Serving Colorado's Counties

Technical Update vol. 27 no. 18 - When Can a County Pay its Volunteers?

May 2, 2023

When creating the Fair Labor Standards Act (FLSA), Congress did not want to discourage people from volunteering for civic, charitable, or humanitarian causes. Instead, it wanted to prevent the abuse of minimum wage or overtime requirements through coercion or undue pressure upon individuals to “volunteer” their services.

Definition of Volunteers

The FLSA defines a volunteer as an individual who performs hours of service for a public agency for civic, charitable, or humanitarian reasons, without promise, expectation, or receipt of compensation for services rendered.

Individuals are considered volunteers when they offer their services freely and without pressure or coercion from an employer. There are no limitations or restrictions on the types of services private individuals may volunteer to perform for public agencies.

Individuals are not considered volunteers if they are employed by the same public agency to perform the same type of services as those for which they propose to volunteer. For example, a county nurse cannot volunteer nursing services for that same county.

When Can Volunteers Be Paid?

According to the FLSA (29 CFR 553.106), volunteers may be paid expenses, reasonable benefits, and/or a nominal fee for their services without losing their status as volunteers. A volunteer may receive:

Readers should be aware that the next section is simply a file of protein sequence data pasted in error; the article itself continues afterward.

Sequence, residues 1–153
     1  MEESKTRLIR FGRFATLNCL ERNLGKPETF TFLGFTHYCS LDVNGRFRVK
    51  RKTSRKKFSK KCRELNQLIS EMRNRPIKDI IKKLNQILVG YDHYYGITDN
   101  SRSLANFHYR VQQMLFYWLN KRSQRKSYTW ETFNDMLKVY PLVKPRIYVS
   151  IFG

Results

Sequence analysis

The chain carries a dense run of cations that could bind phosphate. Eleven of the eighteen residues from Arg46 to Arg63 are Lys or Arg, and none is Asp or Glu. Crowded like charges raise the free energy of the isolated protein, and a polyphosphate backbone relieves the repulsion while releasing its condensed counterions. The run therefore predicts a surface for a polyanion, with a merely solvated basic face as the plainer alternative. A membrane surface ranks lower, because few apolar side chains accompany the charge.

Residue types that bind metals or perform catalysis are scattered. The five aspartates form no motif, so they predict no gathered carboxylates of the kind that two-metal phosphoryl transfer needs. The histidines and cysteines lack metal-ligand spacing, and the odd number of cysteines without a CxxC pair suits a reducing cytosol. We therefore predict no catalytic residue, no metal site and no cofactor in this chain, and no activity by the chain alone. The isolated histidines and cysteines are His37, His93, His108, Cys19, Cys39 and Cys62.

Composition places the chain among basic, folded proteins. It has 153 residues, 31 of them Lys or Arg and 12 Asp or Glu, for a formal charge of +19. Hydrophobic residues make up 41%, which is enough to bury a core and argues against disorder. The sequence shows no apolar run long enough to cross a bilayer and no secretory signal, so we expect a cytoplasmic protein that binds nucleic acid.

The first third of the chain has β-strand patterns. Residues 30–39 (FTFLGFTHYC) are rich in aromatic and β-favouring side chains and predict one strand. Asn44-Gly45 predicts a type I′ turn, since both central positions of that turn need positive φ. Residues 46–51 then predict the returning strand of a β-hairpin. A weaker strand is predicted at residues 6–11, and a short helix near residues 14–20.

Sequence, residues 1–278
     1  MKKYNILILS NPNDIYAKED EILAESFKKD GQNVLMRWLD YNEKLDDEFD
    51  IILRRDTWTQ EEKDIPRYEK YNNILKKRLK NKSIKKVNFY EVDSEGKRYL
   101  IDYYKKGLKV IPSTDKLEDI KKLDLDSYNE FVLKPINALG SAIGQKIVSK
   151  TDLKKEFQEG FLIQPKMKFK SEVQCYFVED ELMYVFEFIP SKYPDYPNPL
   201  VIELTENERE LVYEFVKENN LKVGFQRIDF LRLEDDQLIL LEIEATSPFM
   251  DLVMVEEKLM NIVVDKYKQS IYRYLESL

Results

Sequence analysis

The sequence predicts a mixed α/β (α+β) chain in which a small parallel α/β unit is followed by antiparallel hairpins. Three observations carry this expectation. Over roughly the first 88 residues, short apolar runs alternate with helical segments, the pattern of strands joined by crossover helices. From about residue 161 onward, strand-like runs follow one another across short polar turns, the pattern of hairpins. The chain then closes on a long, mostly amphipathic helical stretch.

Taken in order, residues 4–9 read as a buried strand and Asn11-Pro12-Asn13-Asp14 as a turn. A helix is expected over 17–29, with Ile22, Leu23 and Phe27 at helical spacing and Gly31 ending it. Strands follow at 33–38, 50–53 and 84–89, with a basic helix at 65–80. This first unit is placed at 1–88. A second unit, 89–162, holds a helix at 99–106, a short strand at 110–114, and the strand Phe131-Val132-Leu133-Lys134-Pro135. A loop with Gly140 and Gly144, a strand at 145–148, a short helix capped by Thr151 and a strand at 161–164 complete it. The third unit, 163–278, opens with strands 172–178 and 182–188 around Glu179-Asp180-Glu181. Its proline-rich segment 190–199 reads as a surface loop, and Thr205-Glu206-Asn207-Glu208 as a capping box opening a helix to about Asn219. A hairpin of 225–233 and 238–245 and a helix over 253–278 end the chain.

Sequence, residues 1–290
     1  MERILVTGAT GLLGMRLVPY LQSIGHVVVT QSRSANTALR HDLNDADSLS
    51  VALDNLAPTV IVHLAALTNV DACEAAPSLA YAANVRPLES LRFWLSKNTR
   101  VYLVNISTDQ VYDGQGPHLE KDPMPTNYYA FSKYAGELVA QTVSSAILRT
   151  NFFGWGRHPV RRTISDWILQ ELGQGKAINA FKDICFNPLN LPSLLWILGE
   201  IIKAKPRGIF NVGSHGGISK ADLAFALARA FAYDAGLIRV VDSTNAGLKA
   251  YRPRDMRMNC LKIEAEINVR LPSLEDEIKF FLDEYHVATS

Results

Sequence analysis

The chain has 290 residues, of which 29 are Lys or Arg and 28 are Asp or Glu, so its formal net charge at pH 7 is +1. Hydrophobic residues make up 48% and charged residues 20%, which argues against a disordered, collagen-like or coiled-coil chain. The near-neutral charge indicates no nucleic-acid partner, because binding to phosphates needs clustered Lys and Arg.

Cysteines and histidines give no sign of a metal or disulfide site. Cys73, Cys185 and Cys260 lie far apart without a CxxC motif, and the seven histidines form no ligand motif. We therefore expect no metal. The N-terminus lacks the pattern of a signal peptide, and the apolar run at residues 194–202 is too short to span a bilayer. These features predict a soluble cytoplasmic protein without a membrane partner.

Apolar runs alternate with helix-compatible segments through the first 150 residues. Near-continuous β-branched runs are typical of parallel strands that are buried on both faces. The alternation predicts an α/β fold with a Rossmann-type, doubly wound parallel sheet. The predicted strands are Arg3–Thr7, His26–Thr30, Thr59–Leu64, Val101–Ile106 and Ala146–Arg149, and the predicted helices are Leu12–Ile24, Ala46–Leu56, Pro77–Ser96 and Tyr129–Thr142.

• A uniform allowance or reimbursement for reasonable cleaning expenses for clothing worn while performing volunteer service.
  • Reimbursement for out-of-pocket expenses incurred incidental to providing volunteer services (e.g., payment for meals, transportation expenses, etc).
  • Reimbursement for tuition, transportation, and meal expenses involved in attending volunteer training classes.
  • Reimbursement for books, supplies, or other materials essential to their volunteer training.
  • Reasonable benefits such as inclusion in group insurance or pension plans or “length of service” awards. In Colorado, only statutory volunteers (e.g., volunteer rescue teams or groups, volunteer disaster teams, volunteer ambulance teams or groups, and volunteer search teams) are eligible for workers’ compensation coverage.
  • A nominal fee from a public agency. This fee is not a substitute for compensation and must not be tied to productivity. For example, a volunteer emergency medical technician (EMT) may be paid a nominal amount on a “per call” or a monthly basis.

To determine if an individual will lose their volunteer status under the FLSA, the total amount of payments (expenses, fees, benefits) must be examined in the context of the economic realities of the particular situation.

What This Means for Counties

Colorado counties rely on volunteers to perform a range of tasks. Counties should know the rules for when a volunteer can be compensated so a volunteer’s status does not crossover to an employee under Federal and State law. For more information, contact CTSI at (303) 861 0507.

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